Applied, this means that parenting practices that work with non-adopted, typically-developing children may be inappropriate, or have little effect, in an adoption context. Alternatively, practices that are inappropriate for non-adopted children may be helpful for children who have experienced pre-adoption trauma. Per Keck and Kupecky (2002): “Many of these ideas might sound contrary to good parenting. In fact, they would be if you were parenting a securely attached child” (p. 62, emphasis theirs).

The call for a new toolbox is both contra-indicted and supported in the scholarly research. The call is contra-indicated by studies of adoptive families demonstrating that broad response tendencies (e.g., responsiveness) and global parenting styles (e.g., authoritative) tend to “work” in standard ways in adoptive families (Juffer, et al., 2005; Garvin, et al., 2012; Pitula, et al, 2019; Stams, Juffer & van IJzendoorn, 2002; Tan, et al., 2012, 2015; Santos-Nunes, et al., 2017).

The call for a new toolbox is supported by studies suggesting that child adjustment is less directly predicted by variations in parental support than is typically found in the general parenting literature. Despite similar or above average support in adoptive homes compared to nonadoptive homes, researchers have documented higher rates of family conflict (Reuter, et al., 2009) and parent-reported externalizing (Stams, Juffer, Rispens, et al., 2000). Croft et al. (2001) characterized the emotional valence of the parent-child relationship in adoptive homes as primarily a function of child competence rather than parent-to-child positivity/negativity. Additionally, child adjustment may be more directly predicted by variations in parental control in adoptive (vs. nonadoptive) families. Studies assessing control suggest that adopted children may benefit more than nonadopted children from structure/limit-setting (Lawler, et al., 2017). They may even benefit from strict control when deprivation has been extreme (Audet & Le Mare, 2011).

Adoption specialists are more likely to agree on the appropriateness of broad tendencies than specific practices. While all the adoption authors we have read (scholarly and popular) promote high responsiveness, only some promote co-sleeping and regressive parenting. This is because these practices can be responsive or not, depending on the child (e.g., some children are scared to be alone at night; others fear physical contact). Similarly, punishment (even spanking) can be authoritative or authoritarian, depending on the manner in which it is administered (Baumrind (1996, p. 412). Because knowing the broad dimensions of good parenting may be insufficient to classify the appropriateness of particular practices in particular contexts, research on specific practices is also needed.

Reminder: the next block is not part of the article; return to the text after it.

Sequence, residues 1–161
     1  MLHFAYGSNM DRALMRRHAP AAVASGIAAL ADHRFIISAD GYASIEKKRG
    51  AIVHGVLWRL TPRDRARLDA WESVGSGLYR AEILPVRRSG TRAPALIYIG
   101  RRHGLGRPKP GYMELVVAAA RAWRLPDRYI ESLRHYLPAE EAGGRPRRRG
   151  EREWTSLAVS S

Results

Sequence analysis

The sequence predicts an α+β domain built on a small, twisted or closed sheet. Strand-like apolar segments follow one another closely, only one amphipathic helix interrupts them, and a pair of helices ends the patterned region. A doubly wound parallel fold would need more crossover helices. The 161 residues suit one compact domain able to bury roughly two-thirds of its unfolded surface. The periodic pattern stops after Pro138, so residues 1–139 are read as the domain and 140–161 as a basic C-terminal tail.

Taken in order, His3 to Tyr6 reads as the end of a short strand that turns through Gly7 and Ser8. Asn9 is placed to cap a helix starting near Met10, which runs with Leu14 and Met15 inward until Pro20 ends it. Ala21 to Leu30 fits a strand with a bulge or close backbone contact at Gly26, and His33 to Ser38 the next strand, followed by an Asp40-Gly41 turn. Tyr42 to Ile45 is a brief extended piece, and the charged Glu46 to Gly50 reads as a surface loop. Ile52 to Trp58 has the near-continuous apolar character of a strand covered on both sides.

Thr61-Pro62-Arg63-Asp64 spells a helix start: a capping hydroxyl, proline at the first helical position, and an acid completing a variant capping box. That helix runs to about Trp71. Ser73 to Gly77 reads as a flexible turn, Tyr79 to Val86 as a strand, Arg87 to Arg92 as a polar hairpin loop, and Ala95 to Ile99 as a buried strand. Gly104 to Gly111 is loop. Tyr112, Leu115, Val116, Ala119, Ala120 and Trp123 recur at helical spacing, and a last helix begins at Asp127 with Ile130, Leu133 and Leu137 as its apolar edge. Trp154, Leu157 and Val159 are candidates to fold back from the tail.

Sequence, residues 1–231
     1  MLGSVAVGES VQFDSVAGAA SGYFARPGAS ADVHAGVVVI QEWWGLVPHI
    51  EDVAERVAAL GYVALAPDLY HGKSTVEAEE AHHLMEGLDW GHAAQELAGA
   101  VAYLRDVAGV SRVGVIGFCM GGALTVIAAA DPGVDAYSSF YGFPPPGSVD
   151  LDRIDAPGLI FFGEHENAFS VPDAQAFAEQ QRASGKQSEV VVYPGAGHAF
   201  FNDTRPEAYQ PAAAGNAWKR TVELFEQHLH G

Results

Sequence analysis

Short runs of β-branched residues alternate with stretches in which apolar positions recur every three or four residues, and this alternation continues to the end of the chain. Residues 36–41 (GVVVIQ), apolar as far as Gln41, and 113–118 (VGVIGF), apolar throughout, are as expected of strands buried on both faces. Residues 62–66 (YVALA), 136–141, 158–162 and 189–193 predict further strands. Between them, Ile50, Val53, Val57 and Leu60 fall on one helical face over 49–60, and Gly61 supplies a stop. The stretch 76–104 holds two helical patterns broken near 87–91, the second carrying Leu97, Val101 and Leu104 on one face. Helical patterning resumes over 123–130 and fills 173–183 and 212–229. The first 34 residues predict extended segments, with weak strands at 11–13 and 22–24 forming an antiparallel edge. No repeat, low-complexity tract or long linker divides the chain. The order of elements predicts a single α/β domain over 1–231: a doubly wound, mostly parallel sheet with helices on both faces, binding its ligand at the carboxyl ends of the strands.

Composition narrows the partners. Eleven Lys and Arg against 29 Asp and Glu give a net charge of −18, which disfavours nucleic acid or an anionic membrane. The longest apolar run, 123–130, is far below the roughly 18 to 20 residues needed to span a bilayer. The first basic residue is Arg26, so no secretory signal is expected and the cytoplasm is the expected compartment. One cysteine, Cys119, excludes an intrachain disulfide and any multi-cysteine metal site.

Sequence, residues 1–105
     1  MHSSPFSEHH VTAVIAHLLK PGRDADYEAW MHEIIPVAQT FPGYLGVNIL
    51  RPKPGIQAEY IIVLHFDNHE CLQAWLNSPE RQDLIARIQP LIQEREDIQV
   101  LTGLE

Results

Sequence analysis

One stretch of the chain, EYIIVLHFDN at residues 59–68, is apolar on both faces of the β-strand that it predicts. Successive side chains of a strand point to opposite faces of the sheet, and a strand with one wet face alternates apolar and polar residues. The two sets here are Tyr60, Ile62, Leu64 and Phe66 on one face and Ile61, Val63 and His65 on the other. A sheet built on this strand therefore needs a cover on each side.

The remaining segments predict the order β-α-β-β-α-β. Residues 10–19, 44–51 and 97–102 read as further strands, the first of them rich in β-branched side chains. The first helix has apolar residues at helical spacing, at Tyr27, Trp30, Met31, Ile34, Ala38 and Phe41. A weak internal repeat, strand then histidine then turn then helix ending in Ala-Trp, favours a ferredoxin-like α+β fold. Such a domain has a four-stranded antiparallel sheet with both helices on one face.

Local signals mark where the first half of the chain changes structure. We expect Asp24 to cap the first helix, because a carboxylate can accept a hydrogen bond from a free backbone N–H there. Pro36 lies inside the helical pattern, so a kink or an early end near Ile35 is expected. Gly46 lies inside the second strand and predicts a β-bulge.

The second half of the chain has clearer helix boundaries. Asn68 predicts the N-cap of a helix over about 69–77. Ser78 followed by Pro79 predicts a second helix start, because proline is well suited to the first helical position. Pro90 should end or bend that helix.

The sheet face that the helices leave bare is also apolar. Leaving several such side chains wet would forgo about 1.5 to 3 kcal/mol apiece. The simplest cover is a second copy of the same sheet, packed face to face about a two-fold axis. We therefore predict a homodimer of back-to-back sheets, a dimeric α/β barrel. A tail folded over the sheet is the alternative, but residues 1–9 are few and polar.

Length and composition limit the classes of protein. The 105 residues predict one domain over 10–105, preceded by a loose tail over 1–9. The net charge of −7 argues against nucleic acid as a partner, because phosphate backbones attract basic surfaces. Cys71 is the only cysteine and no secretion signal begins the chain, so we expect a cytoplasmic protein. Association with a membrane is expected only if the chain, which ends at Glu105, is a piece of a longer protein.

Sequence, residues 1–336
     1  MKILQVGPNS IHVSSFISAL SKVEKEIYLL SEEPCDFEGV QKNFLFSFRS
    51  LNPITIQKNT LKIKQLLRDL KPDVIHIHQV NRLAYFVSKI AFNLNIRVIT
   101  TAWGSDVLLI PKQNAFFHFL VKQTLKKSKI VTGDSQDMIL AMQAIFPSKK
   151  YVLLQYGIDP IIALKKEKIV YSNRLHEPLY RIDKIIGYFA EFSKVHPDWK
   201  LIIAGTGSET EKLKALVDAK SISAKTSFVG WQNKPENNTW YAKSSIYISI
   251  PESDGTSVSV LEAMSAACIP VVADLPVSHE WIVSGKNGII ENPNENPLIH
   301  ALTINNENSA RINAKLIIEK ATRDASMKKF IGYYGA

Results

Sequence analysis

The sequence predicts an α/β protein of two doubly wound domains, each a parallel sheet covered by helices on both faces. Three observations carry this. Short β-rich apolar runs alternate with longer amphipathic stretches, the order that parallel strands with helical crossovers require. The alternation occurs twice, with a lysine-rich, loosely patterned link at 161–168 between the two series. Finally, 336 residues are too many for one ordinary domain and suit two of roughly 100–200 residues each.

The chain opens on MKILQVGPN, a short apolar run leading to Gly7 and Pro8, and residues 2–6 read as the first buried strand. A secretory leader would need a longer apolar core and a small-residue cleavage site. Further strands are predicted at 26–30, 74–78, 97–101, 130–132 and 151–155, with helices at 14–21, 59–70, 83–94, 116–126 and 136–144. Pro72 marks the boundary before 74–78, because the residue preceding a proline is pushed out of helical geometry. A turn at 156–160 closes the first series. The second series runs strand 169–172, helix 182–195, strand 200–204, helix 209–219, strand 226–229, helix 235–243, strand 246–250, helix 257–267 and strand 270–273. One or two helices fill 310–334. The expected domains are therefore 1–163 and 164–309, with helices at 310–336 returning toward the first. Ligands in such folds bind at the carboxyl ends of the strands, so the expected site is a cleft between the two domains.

Primary controversy across the four must-read adoption manuals

While the authors of the four must-reads agree that reparenting requires a new toolbox, they disagree on some tools that go into the box. Paralleling the general parenting literature, the primary overarching disagreement in adoption manuals is the appropriateness of power-assertive parental control. Representing the two poles are Keck and Kupecky (high power-assertive) and Forbes and Post (low power-assertive).

Keck and Kupecky have been very influenced by Foster Cline who is known for various techniques geared toward compelling attachment in children with attachment disturbances. One such technique is “holding,” wherein a child is restrained across the laps of two therapists and/or parents, while the lead holder forces the child to maintain eye-contact and confront their early trauma (Cline, 1992). This emotionally intrusive experience putatively “jump starts” arrested emotional development (Keck & Kupecky, 1995, p. 174). (For a theoretical refutation of this supposition, see Weir, 2011.) Holding is very controversial and sometimes physically dangerous and has been denounced by the American Professional Society on the Abuse of Children (Chaffin et al., 2006). Cline is also known for the much less controversial book Parenting with Love and Logic (Cline & Fay, 1990). This book is geared toward a general (i.e., non-adoptive) audience and helps parents influence children by orchestrating “natural” consequences for bad behavior.